Based on vet's military occupation code, we can help leverage training and work-related experience during their time in the service for possible advanced placement in our apprenticeship program. With an honorable discharge, veterans can be working on a job site as soon as six weeks!
One of our carpenters and his wife, who volunteered at the event, were thrilled to meet country star Tyler Farr just before his concert Saturday!
We'd like to thank all the brave men and women that serve our nation's military. We'd also like to thank the many volunteers who spent the weekend helping our community.
All competitors won regional drag races in order to advance to the Midwest finals. The participants all did amazing, but only one in each category advanced to the championships at the Carpenter's International Training Center in Las Vegas, Nevada later this year.
Joshua Landis from the St. Louis-Kansas City Regional Council won first place in the flooring contest. The IKORCC’s Noel Johnson also had a great showing in the flooring competition.
Thanks to all who participated in the UBC Midwest Drywall & Flooring Olympics at the IKORCC!
Our members have been out and about making noise in Lordstown, Ohio! The Lordstown Energy Center (LEC) is a 940MW combined-cycle power plant. LEC is a 1-billion-dollar project that began in June 2016 and has an estimated completion date of mid-2018. The LEC project has produced over 1 million man hours 100% UNION building trades members. The carpenters have an important role within the project; building scaffold for all crafts safely and in a timely manner. The men and women of the UBC have the training and the determination to get the job done.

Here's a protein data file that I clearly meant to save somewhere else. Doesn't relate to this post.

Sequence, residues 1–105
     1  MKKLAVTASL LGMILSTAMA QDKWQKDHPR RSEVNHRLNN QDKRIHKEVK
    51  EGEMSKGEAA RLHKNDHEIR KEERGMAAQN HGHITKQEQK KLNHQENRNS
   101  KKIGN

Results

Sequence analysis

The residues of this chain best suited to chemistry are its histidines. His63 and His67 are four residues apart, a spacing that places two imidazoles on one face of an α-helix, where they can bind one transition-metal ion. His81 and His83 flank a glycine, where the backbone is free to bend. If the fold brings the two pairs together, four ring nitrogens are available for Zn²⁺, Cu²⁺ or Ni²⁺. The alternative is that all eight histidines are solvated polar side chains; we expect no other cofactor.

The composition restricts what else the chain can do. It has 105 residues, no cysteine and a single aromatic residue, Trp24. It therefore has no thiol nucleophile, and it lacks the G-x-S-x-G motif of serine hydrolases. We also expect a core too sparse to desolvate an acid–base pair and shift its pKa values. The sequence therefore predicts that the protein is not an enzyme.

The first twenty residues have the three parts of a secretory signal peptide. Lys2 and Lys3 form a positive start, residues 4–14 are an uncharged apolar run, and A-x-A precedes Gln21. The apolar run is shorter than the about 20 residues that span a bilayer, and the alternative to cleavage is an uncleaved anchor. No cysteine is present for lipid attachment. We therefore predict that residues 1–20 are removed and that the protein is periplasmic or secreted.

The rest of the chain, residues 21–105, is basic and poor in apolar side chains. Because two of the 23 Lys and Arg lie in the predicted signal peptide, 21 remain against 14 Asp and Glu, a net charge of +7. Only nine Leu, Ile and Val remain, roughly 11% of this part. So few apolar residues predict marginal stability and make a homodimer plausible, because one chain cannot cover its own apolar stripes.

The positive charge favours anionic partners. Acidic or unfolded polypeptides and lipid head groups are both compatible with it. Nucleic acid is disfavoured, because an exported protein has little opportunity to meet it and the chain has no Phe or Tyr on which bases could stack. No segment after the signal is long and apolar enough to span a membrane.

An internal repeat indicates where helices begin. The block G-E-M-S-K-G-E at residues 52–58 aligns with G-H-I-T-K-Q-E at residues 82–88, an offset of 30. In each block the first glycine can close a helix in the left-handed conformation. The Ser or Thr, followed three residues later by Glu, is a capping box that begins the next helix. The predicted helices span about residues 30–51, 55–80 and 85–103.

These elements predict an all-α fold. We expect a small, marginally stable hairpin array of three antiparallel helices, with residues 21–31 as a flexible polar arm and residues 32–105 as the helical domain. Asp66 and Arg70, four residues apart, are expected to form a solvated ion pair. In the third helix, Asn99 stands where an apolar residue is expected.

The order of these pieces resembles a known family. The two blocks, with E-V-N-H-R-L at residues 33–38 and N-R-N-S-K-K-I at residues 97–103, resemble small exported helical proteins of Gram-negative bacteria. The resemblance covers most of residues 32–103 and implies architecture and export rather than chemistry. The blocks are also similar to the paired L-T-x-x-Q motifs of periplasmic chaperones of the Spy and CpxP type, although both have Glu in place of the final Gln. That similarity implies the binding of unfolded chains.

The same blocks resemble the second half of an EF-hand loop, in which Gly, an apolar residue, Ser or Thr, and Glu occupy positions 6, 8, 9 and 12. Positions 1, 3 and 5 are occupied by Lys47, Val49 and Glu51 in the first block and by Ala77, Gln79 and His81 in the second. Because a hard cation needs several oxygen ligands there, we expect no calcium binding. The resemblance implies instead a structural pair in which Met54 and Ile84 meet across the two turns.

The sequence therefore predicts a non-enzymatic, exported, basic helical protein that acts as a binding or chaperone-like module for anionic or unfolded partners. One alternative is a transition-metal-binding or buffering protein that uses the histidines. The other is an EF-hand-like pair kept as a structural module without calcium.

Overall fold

On the project are a group of carpenters that call themselves, “THE BULLRIDERS” of Vertical Access (Nate Tice 186, Mark Wells 171, Brandon Ates 186, Lucas McDowell 186, Levi Snodgrass 186 and Mike Schwartzmiller 186). Mark Wells from Local 171 commented on the history of the scaffold pictured below, "The Bull Riders crew battled cold weather combined with strong winds and heavy snowfall to get the job done. It was a challenge that they had seen before. We knew that safety and experience were the two key factors in getting this scaffold built." The scaffold is 110 feet tall with 15 working deck levels. The load took 7 semi-truck loads of various scaffold components, including Beta Hoists to build. Mark said, "that's why they call us the BULLRIDERS, because we are professionals that get in and get the job done and then we're off to the next rodeo to do it again"!
By: Justin Rance, Youngstown
Dan Sivertson, member of Millwrights & Pile Drivers 1090, and his family have a special reason they celebrate World Down Syndrome Day. He and his wife found out their daughter would be born with Down Syndrome 13 years ago. The two quickly made a connection with the local organization, The Up Side of Downs. The organization helped by providing them with support in learning about Down Syndrome and with books to guide them through the diagnosis.